Why do you think the American public embraced K-pop with such enthusiasm?

Definitely put this in: K-Pop is not good because it is K-Pop. K-Pop is good because it’s good music – it’s good quality. There is no such thing as American artists. Yes, but at the end of the day music is music. What matters is how many people can relate to it? This proves that a lot of people can relate to K-Pop. That’s the answer, that’s what I think.

What does BTS’ success mean for South Korea?

Damn, that’s pride. One of the members RM, the leader, despite the fact that we grew up together, that’s a lot of pride. It’s not all about music anymore. Artists like BTS, like Blackpink, I respect in art. The direction they’re going, I’m proud of being an audience.

There is an arena that is being built in Seoul specifically for K-pop music. The popularity of genres is always changing. Will kpop last forever?

K-Pop will definitely last forever. J-Pop will last forever. You never know what will happen tomorrow, right? For me, personally, I think it will continue to evolve. I wish entertainment had nothing to do with anything else, because entertainment is entertainment and people are supposed to be happy.

“Blow” is a new vocal direction for you. What inspired the sound?

I’ve been playing music for eight years and am always in a position to explore daily. You don’t sing. I wasn’t in an audio lesson. I don’t have any experience with vocal lessons until this year. back in [Korean entertainment company] JYP Agency, I have been practicing dancing. I trained in rap. I trained in martial arts. I was not a singer.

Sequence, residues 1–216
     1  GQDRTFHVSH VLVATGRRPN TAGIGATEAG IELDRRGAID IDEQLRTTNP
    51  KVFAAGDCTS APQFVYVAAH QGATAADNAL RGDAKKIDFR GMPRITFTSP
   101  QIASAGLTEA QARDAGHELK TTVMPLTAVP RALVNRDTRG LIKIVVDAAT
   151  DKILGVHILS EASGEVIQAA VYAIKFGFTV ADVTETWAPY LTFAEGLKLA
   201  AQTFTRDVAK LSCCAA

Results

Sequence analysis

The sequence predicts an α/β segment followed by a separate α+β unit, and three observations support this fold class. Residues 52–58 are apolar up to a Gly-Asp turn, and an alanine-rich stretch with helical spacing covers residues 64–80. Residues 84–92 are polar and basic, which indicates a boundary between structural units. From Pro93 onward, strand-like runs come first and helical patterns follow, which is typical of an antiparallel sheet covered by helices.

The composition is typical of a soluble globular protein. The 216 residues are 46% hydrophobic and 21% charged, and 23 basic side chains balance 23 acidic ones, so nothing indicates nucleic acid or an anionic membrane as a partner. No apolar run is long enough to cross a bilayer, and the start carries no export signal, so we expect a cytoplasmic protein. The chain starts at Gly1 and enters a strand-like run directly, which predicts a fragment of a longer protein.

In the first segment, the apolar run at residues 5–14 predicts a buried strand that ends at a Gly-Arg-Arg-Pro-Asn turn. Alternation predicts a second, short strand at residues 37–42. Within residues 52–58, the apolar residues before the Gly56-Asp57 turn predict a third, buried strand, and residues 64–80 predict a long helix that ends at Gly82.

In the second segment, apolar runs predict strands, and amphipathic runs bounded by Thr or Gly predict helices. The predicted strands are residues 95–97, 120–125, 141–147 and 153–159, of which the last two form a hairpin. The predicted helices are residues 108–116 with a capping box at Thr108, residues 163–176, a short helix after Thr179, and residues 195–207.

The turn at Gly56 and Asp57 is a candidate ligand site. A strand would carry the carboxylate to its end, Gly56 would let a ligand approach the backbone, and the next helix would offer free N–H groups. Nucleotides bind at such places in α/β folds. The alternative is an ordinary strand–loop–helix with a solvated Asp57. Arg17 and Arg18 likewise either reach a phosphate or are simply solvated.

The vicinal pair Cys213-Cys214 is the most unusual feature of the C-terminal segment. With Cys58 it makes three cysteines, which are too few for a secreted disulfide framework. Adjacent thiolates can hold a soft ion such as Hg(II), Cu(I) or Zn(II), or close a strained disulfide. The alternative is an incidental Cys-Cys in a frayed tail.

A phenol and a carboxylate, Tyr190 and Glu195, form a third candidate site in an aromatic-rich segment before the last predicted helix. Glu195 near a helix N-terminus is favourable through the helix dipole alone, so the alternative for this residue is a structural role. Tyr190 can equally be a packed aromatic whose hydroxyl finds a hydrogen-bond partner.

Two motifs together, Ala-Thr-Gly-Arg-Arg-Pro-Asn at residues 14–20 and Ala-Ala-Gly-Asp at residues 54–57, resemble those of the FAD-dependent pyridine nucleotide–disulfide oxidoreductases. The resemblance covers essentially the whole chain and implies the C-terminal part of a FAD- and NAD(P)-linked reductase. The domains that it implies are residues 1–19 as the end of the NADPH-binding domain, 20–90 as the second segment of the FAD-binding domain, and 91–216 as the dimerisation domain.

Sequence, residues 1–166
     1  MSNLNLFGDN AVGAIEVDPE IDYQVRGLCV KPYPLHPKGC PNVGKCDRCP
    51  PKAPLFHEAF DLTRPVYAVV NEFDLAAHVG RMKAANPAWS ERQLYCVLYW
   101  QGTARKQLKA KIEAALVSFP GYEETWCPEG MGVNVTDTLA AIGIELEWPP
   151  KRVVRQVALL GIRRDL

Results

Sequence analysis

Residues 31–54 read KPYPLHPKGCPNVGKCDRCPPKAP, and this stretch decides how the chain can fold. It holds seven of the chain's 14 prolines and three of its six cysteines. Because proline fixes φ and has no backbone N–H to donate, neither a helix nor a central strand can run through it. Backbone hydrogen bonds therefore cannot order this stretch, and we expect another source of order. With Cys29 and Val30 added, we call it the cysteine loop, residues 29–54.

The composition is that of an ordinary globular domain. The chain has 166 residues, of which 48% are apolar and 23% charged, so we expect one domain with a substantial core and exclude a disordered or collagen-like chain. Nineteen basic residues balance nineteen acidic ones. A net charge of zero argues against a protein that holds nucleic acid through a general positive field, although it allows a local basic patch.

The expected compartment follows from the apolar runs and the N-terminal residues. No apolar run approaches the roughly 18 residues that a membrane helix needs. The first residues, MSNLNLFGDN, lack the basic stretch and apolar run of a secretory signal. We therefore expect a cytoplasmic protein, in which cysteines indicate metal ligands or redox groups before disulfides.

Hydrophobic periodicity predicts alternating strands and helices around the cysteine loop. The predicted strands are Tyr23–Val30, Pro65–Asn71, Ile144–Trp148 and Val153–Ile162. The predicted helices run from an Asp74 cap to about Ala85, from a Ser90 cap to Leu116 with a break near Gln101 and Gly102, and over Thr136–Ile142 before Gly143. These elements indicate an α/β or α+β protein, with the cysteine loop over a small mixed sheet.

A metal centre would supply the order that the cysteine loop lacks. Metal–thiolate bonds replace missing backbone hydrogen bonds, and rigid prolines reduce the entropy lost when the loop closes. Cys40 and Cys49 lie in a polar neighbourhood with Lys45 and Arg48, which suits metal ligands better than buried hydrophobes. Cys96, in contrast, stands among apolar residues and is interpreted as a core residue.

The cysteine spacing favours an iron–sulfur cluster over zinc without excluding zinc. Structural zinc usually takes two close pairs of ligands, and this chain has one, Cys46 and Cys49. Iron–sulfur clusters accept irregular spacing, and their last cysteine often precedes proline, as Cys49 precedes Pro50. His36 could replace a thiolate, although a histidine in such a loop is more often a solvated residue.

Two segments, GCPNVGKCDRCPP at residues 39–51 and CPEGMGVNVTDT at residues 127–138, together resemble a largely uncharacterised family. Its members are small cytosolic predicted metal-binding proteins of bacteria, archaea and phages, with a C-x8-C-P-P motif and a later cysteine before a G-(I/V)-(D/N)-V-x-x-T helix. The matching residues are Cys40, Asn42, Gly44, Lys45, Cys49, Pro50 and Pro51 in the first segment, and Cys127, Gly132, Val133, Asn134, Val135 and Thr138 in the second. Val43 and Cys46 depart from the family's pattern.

But throughout my journey of exploration, of exploring, of trying and trying – with the help of the people around me, with 88, Wang’s team, the producers – they kept inspiring me, inspiring me, inspiring me and also encouraging me to try new things. I also surprised myself. Oh shit, that could be my voice. Or even hit notes. I continued training. It’s all about sharpening my weapons and absorbing all these energies, knowledge, and information around me. How can I turn all this stuff into my own? This is my current status: “Blow” and this album.